As more of the submissions to the Australian Federal Government’s call for input on online copyright infringement are published, it’s becoming clear that the music and movie industries have a battle on their hands.
Hollywood in particular is seeking a tightening of the law which would hold ISPs more responsible for the actions of their users, while introducing a graduated response to deal with persistent domestic file-sharers.
Still can’t agree
In 2012, movie and recording companies fought a bloody battle with tech companies over SOPA in the United States but more than two years on it’s evident that the divide over what should be done about piracy is as wide as ever.
In a submission to the Government, a group of tech companies including Google, Facebook, Microsoft, eBay, Samsung, Motorola and BT largely oppose the wish-list of the entertainment industries.
Mirroring the tendency of Hollywood to state how important its members are to the economy, the Computer & Communications Industry Association begin by stating that its members employ more than 600,000 workers who generate more than $200 billion in revenue.
Launching its key observations, CCIA say that rather than pushing for the introduction of a so-called graduated response scheme, policy makers could achieve better results by focusing on the issues that encourage people to pirate in the first place.
No graduated response: provide content in a timely manner at a fair price
The group describes “high prices” and a “lack of availability of lawful content” as key domestic and international market barriers for consuming online content. But the problems don’t end there.
“Naturally, from this follows that access to on-demand/online content across territories becomes even more cumbersome and restrictive due to territorial copyright restrictions, licensing conduct, geo-blocking, price discrimination holdback and windowing,” CCIA explains.
Noting that there is “an inverted relationship” between lawful and unlawful access to content, the tech group underlines their point with a quote from Kevin Spacey.
“Audience wants the freedom.. they want control…give consumers what they want, when they want it and in the format they want it and at reasonable price,” they write.
Don’t believe their lies
A couple of points raised by the CCIA will sting their entertainment industry adversaries more than most. Noting that there “is little or no evidence” that graduated response schemes are successful (but plenty to the contrary), enforcement policies should be based only on facts, not on the claims of those determined to introduce them.
“It is also absolutely essential that enforcement debate and policy is not based on manufactured claims, exaggerations and deceptions that will in the long run risk resulting in a negative public sentiment concerning intellectual property,” CCIA writes.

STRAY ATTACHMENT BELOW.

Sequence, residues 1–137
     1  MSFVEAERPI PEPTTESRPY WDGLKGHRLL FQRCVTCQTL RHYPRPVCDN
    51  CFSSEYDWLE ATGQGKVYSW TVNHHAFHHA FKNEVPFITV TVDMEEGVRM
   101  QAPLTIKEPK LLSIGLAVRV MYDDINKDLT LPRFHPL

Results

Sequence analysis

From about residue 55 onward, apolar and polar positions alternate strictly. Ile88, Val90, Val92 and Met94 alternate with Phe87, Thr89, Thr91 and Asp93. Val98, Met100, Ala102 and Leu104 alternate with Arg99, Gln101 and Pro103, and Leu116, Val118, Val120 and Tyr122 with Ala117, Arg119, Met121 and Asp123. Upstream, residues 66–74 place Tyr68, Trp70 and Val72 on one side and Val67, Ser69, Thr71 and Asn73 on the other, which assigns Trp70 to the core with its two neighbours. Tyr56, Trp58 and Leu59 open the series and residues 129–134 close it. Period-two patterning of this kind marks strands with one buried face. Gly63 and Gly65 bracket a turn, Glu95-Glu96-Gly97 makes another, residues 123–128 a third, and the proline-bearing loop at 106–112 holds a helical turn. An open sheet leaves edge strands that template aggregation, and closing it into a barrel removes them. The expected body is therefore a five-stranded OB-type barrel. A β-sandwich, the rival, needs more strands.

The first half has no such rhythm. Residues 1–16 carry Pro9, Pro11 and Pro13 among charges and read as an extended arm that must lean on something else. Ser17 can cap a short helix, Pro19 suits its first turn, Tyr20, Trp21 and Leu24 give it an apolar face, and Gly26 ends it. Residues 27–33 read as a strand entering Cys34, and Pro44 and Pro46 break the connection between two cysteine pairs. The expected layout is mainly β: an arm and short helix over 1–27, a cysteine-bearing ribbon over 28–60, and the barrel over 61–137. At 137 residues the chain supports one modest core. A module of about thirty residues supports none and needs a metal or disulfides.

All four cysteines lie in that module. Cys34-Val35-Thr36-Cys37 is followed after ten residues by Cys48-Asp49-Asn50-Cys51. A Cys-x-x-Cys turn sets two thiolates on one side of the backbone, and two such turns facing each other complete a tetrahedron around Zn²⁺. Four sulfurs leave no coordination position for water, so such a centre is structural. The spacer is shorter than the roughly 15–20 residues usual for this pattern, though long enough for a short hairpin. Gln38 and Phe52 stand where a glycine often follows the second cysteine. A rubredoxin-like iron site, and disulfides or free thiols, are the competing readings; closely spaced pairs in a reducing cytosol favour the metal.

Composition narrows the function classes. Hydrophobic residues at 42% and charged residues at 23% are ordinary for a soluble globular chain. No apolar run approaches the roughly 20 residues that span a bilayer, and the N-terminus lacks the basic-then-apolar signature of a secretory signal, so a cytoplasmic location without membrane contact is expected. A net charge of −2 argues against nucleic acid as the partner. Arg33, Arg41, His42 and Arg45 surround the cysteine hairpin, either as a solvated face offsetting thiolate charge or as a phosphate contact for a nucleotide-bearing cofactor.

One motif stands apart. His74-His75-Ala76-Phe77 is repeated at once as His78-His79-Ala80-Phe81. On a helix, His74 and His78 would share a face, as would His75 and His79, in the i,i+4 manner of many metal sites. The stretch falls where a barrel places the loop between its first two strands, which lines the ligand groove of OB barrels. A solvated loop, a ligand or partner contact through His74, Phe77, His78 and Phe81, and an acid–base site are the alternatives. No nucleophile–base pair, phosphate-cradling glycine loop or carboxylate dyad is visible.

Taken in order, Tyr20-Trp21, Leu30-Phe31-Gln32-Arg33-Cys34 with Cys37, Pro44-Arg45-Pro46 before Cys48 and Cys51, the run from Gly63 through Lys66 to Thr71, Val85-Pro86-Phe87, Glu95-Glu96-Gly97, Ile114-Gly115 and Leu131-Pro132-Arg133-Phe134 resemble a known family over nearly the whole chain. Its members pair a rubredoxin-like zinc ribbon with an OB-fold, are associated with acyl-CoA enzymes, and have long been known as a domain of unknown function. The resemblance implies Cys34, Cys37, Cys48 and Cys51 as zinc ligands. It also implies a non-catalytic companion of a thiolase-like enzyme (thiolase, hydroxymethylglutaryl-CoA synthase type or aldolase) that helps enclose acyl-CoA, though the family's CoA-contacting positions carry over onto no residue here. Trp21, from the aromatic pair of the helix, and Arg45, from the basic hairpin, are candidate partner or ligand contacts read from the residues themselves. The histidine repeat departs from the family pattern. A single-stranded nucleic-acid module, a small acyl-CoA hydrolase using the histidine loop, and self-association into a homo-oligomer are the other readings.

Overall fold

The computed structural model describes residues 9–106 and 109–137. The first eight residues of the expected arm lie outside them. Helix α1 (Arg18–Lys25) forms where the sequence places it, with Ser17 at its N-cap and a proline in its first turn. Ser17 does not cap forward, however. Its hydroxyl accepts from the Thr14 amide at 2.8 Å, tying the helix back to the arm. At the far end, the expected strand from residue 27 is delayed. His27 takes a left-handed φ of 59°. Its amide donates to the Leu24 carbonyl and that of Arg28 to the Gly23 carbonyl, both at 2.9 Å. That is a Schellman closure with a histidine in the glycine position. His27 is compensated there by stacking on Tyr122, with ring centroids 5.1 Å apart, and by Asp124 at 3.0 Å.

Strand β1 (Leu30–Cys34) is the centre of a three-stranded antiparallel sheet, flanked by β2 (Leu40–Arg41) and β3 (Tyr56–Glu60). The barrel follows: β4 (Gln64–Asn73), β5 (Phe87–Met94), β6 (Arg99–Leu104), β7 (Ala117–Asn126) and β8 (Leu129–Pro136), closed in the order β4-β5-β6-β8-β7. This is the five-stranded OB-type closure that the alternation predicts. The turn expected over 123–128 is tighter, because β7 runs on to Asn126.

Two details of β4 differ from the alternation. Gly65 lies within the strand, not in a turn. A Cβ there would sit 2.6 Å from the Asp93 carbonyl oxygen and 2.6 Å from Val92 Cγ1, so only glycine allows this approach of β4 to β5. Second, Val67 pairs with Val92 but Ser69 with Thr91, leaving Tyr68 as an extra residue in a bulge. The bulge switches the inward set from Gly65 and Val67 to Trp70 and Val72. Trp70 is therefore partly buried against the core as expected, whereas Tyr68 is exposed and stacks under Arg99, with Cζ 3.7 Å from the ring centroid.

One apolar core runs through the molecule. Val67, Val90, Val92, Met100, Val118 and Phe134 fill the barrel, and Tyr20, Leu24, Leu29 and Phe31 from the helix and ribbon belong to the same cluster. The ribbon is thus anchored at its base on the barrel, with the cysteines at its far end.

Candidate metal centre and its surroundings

“Empirical data on the impact of copyright infringement over the last two decades is deeply contested and in some cases to such a level that it is
being ridiculed. This is a highly undesirable development for the perception of copyright and by extension intellectual property in general by the broader public.”
Copyright is a “moral hazard”
In another interesting statement the CCIA suggest that when supported by legislation, companies will fall back on that to maintain business models that are no longer viable.
“Economists have expressed concerns that copyright has a moral hazard effect on incumbent creative firms, by encouraging them to rely on enforcement of the law rather than adopt new technologies and business models to deal with new technologies,” the tech firms continue.
“Hence, enforcement should not become a tool to protect businesses from competition, changing business realities and changes in consumer exactions, hereby allowing them to continue to hold on to outdated business models.”
Summing up, CCIA director Jakob Kucharczyk says that any new scheme should employ a “holistic end-to-end approach” and be coupled with efforts by content providers to give customers the content they need at a fair price.
On the issue of ISPs, the CCIA is clear. There must be a level playing field, legal protection from liability must be enshrined in law, and rightsholders must be held responsible for their actions when making allegations of infringement.
“If all parties are willing to look at equitable, cooperative programs that include a focus on the key issues outlined above, we believe that a better, more balanced and more effective outcome is achievable than that which is likely to result from the Government’s present proposals,” Kucharczyk concludes.
How the conflicting approaches of the technology companies, ISPs and the entertainment industries can ever be reconciled will be a topic for heated debate in the coming months, not only in Australia, but across the world.